Virtual Private Clouds and 2020s Internet Security: No Country for Old Sysadmins
So, when I was young and impetuous and somewhat more invested in arguing about tabletop roleplaying games online, I decided the tabletop roleplaying game forum I posted on just wasn’t cutting it. I needed my own forum. A few erstwhile allies of mine and I carved aside our own corner of the Internet, a phpBB forum with… well, about half the features you’d expect from such an already aging beast in 2012.
Intangibility Forums were hosted initially on NearlyFreeSpeech, a libertarian-oriented (but also very cheap) shared hosting provider, and then when we required full server configuration, we moved to Linode, a VPS (virtual private server) ISP which hosted the site for over two years. To my knowledge, with the exception of one attempted intrusion — which was caught — neither Intangibility’s server nor its MariaDB core for the phpBB (later Vanilla) forum was compromised. Several other hobby projects were also hosted on the same private server.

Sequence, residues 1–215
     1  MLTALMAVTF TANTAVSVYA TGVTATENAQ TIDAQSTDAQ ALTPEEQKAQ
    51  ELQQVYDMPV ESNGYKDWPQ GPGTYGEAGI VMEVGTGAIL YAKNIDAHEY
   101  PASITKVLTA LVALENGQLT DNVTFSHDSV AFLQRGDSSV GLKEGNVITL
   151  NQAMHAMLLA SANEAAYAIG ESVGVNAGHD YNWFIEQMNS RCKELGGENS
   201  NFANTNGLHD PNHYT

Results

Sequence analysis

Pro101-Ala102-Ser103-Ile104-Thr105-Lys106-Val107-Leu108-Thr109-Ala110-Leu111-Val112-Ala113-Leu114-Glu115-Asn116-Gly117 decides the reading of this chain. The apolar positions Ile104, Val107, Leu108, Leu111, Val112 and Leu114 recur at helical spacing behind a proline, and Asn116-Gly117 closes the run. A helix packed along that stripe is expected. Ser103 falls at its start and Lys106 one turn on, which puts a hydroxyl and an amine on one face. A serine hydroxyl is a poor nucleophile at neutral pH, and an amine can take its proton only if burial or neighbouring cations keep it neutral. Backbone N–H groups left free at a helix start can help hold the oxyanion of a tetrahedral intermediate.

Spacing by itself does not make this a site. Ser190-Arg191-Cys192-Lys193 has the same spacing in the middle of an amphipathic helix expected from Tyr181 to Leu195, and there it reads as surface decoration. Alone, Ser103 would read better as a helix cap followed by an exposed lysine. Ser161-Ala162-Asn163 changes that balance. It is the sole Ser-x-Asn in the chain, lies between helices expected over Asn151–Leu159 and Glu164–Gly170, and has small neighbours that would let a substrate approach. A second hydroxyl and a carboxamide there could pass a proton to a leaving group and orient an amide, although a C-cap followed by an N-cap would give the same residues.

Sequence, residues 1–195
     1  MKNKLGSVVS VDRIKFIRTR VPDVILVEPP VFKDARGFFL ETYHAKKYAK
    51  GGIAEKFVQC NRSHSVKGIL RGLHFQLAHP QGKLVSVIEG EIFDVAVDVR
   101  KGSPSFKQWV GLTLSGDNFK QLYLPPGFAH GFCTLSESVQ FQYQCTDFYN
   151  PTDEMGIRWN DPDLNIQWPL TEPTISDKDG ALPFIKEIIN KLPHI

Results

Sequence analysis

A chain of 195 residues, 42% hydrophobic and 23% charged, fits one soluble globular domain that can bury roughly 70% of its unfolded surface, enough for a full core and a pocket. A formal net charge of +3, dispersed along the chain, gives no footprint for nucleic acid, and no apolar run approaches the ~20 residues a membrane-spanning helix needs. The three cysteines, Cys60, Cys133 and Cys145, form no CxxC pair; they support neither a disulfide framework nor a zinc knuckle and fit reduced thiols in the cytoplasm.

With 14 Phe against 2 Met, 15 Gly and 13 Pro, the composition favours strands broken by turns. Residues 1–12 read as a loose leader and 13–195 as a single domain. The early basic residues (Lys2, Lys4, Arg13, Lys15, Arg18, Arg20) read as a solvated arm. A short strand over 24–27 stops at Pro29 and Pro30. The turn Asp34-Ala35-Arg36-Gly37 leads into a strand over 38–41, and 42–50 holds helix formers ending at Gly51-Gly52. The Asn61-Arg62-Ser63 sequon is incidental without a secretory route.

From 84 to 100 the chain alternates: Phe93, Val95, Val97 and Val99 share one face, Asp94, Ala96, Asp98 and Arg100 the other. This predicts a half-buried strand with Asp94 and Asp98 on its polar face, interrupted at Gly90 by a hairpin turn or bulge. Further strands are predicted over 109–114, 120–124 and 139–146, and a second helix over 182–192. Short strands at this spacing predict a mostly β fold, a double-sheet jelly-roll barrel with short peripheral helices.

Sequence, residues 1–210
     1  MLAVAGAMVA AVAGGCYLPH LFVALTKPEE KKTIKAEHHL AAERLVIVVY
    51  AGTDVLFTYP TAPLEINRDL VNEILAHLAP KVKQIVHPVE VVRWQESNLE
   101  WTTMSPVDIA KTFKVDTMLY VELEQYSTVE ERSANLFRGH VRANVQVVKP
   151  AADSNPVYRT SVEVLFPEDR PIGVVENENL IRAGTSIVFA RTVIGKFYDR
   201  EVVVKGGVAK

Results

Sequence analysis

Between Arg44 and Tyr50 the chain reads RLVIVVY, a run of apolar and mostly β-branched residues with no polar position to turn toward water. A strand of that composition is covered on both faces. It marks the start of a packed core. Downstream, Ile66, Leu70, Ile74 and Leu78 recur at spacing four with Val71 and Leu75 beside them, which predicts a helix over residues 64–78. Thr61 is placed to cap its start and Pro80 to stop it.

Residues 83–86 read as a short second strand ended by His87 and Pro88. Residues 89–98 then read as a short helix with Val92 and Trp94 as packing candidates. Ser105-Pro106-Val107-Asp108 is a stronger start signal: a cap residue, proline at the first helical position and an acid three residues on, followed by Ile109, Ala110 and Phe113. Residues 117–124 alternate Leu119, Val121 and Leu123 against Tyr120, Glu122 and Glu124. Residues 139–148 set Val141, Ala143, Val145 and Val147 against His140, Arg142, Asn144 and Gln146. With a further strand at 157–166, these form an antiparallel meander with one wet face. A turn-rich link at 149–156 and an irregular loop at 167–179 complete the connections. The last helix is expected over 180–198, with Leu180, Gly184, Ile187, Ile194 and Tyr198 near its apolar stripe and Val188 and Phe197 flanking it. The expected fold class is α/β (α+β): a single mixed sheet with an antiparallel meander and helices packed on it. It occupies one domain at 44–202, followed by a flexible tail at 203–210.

My interest in internecine web forum battles declined substantially by 2016, when I shut down the site and its server. While it’s possible that malware had made its way onto the Linode by then, I hadn’t noticed anything unusual in logs. But that is not the reality today, as I discovered in the last week’s ordeal of setting up an entirely private cloud for data science work.
It’s simply not safe to expose ports to the web anymore. Even if your IP is totally unknown, and even if your installation is secure, hackers can and will attempt to compromise your systems, with prejudice. AWS, Google Cloud, and similar are set up with a feature which seems enormously frustrating, but unless you are running production apps/web servers, is ABSOLUTELY ESSENTIAL. This feature is virtual private networks — essentially, without using something like an OpenVPN server as a bridge to access your resources in the cloud, they can only be access by AWS/GCloud SSH.
This has serious limitations — I like to work from Visual Studio Code, which needs SSH access to the instance it’s working on. This is why the OpenVPN bridge is so important. It works for both AWS and GCloud and both have preset configurations — AWS’s is, I believe, somewhat more user friendly.
If I’m being honest, I need at least one more infosec certification than I have before I run a production webserver again. The Internet has become a scary place. For now, let me urge you to not implement firewall rules in your cloud to allow access from the open web — it may make your various backends more accessible, but you will pay for it. Possibly, in actual money, should hackers manage to obtain your cloud security credentials.
Truly, it is no country for old sysadmins.